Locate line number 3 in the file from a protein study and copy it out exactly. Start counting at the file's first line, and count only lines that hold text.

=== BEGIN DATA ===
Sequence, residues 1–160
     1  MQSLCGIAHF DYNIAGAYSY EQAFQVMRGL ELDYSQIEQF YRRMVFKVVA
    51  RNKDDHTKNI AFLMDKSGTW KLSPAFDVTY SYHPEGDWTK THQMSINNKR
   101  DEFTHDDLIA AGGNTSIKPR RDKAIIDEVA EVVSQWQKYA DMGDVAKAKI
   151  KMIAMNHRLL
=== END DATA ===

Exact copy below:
    51  RNKDDHTKNI AFLMDKSGTW KLSPAFDVTY SYHPEGDWTK THQMSINNKR